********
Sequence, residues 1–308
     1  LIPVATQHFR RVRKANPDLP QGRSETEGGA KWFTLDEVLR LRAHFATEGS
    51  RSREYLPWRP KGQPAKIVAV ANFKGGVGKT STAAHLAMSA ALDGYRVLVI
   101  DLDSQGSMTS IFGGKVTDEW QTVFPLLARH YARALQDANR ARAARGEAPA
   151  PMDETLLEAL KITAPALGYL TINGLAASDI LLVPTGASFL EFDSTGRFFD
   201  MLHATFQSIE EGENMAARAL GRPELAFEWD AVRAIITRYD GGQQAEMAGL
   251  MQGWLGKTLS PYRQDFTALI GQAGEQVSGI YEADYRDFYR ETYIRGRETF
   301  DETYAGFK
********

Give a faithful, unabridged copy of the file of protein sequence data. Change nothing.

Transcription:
Sequence, residues 1–308
     1  LIPVATQHFR RVRKANPDLP QGRSETEGGA KWFTLDEVLR LRAHFATEGS
    51  RSREYLPWRP KGQPAKIVAV ANFKGGVGKT STAAHLAMSA ALDGYRVLVI
   101  DLDSQGSMTS IFGGKVTDEW QTVFPLLARH YARALQDANR ARAARGEAPA
   151  PMDETLLEAL KITAPALGYL TINGLAASDI LLVPTGASFL EFDSTGRFFD
   201  MLHATFQSIE EGENMAARAL GRPELAFEWD AVRAIITRYD GGQQAEMAGL
   251  MQGWLGKTLS PYRQDFTALI GQAGEQVSGI YEADYRDFYR ETYIRGRETF
   301  DETYAGFK